Van Hollen Opening Statement at the House Budget Committee Mark Up of the Sequestration Transparency Act of 2012
“We should come together in a balanced way, in the way bipartisan groups have recommended”
Washington, DC – Today Maryland Congressman Chris Van Hollen, Ranking Member of the House Budget Committee, delivered an opening statement at the House Budget Committee Mark Up of the Sequestration Transparency Act of 2012. Below is a transcript of his remarks:
“Thank you, Mr. Chairman. As the Chairman indicated, I think there is general bipartisan agreement that the across-the-board, meat-ax cuts that are set to begin in January will be bad for the country. Not only will the overall size and immediacy of the cuts put a drag on an already-dragging economy, but the arbitrary buzz-saw nature of the cuts would wreak havoc on defense and non-defense programs alike.
“As Secretary Panetta made clear, both the magnitude and the arbitrary nature of the cuts will damage our national defense. What has received far less attention is the devastating impact the cuts will have on other vital services and investments: cutting our air traffic controllers and putting air safety at risk; putting the public safety at risk by cutting the FBI; cutting the COPS program; cutting border security; putting food safety at risk; cutting our investment in early education, K-12, and special education for kids with disabilities; and cuts in vital investments for our economy in transportation, science, and research.
“In fact, a coalition of universities and groups, including the American Cancer Society, the Biotechnologies Industry Association, Pharma, and others, have concluded that the cuts to the National Institutes of Health will jeopardize America’s competitive edge in medical research and result in the loss of more than 33,000 jobs in the biotech sector. Scientific research into treatments and cures to cancer, diabetes, Alzheimer’s, Parkinson’s, and other diseases that plague American families will be put on the chopping block along with our competitive edge in this important area of research.
“So Mr. Chairman, I’m all for getting more detailed information about the negative impacts of the meat-ax cuts, but I think our focus should be on avoiding what you just said – and we all agree – is an irresponsible approach to the budget and would be an irresponsible approach to cutting the budget. And that means coming up with an alternative approach to reducing the deficit in a credible and stable way.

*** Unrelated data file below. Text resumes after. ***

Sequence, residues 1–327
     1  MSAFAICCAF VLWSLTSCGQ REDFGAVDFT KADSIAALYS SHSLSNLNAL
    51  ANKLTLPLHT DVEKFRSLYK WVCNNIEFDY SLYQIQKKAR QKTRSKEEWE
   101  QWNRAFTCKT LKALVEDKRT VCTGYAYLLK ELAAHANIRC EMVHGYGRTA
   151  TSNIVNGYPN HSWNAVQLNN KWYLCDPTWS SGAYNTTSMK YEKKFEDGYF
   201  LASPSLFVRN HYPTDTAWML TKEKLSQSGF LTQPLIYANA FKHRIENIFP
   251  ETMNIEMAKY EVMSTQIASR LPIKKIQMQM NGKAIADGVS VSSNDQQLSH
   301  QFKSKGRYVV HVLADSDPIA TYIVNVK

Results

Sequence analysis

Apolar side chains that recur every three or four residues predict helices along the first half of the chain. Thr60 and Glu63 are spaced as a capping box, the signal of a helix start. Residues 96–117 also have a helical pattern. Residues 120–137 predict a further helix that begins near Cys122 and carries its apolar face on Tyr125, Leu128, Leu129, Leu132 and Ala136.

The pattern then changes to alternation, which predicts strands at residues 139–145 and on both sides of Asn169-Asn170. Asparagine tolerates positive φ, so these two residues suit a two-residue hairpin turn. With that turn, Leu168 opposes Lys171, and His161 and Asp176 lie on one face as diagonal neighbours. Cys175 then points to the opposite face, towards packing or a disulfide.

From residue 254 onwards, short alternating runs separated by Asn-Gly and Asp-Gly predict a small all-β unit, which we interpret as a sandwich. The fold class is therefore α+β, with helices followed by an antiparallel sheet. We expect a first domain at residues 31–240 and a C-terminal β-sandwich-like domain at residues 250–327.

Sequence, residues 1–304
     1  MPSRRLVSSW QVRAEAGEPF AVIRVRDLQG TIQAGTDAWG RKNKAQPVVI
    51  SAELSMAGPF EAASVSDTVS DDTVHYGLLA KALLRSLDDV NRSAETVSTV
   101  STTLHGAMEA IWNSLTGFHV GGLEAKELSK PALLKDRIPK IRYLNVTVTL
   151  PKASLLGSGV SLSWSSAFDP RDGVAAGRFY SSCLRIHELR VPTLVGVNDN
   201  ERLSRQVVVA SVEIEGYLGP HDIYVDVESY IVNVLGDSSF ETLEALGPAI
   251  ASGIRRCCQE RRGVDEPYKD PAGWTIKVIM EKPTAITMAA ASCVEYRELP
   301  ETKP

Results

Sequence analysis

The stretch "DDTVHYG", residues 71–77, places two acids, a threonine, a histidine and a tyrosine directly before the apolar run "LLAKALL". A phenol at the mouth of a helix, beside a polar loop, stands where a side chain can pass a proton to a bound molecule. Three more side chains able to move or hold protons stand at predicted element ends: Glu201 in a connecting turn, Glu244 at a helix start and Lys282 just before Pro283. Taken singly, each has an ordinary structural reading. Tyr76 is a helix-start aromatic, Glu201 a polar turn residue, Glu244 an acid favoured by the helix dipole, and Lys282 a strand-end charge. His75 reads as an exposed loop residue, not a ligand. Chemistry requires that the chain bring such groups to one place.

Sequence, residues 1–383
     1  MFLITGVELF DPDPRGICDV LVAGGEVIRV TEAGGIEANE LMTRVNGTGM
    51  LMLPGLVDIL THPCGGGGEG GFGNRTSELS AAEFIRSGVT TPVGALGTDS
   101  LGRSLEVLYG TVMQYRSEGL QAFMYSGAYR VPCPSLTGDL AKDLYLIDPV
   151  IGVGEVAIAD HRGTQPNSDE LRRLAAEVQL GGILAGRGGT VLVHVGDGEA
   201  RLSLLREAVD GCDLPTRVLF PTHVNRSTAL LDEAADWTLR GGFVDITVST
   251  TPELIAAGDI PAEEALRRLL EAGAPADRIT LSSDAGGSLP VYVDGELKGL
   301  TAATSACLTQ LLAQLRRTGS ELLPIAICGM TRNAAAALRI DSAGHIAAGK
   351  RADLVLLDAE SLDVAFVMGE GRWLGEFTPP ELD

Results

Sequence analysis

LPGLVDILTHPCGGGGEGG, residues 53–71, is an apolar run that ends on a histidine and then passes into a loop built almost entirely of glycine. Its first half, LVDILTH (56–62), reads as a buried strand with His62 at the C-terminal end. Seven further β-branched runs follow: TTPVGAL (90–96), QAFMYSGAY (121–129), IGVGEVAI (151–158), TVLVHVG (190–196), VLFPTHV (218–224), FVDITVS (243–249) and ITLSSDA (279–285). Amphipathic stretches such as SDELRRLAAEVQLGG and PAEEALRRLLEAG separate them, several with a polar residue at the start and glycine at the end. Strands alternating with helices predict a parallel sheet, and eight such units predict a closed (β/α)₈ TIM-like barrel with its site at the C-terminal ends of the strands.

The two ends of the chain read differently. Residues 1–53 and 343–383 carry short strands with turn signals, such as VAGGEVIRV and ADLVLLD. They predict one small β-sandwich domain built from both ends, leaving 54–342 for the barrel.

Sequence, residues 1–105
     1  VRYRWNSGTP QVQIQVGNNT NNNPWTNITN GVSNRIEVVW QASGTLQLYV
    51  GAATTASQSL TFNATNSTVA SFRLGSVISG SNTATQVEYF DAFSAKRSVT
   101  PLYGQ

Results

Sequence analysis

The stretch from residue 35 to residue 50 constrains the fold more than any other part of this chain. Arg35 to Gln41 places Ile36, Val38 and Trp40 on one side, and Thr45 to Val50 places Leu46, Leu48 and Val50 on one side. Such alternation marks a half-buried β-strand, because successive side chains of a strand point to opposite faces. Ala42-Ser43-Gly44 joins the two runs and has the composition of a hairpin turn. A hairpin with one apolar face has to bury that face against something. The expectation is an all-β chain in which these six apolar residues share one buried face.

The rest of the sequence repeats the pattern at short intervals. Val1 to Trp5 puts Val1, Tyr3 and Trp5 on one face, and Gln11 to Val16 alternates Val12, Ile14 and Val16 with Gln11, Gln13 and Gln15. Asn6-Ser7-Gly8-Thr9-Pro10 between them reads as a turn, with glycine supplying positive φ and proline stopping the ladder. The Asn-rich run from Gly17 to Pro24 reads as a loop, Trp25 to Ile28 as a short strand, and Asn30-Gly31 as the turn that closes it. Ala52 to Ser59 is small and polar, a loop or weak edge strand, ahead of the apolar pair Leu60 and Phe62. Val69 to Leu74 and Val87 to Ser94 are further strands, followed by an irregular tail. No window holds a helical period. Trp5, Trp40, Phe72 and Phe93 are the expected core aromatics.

“Every bipartisan group that has examined this challenge has concluded that we need to take a balanced approach to deficit reduction, meaning combining cuts with revenues generated by cutting a lot of the unnecessary tax breaks and special interest loopholes. Now, the Budget Control Act – which was passed last summer – already cuts the budget by almost $1 trillion over 10 years – 100 percent cuts. Putting aside the fact the House Republican budget violates that agreement by cutting another $19 billion, the appropriators are hard at work trying to find a way to make those cuts in a targeted fashion. If we want to do our job, and replace the sequester and find another way to reduce the deficit, we should come together in a balanced way, in the way bipartisan groups have recommended. And that means, as I said, not just cuts to programs but also cutting tax loopholes. Now, I agree with the Chairman of the Armed Services Committee, Buck McKeon, who said just the other day, ‘why don’t we do something to fix it now?’ We should.
“In fact, the Chairman of the Armed Services Committee, last October, when asked about using some revenue to prevent defense cuts said, ‘If it came that I had only two choices, one was a tax increase and one was a cut in defense over and above where we already are, I would go to strengthen defense.’ Senator McCain, just the other day, made the point that when you eliminate a special interest tax break, like ethanol subsidies, there is no rational reason why you shouldn’t be able to apply that savings to deficit reduction, including deficit reduction that will prevent the sequester from taking place. So, it was unfortunately counterproductive that Grover Norquist was back on the Hill this week in front of the Ways and Means Committee, again enforcing a rule that prevents Republicans who sign a pledge from closing one special interest tax loophole for the purpose of preventing defense cuts. So at the end of the day, that was the choice that was made.
“I hope people will make the choice that Chairman McKeon laid out earlier, which is a willingness to shut down special interest loopholes in order to prevent deep, across-the-board cuts to both defense and non-defense programs, and reduce the deficit in a more rational way.
“Thank you, Mr. Chairman.”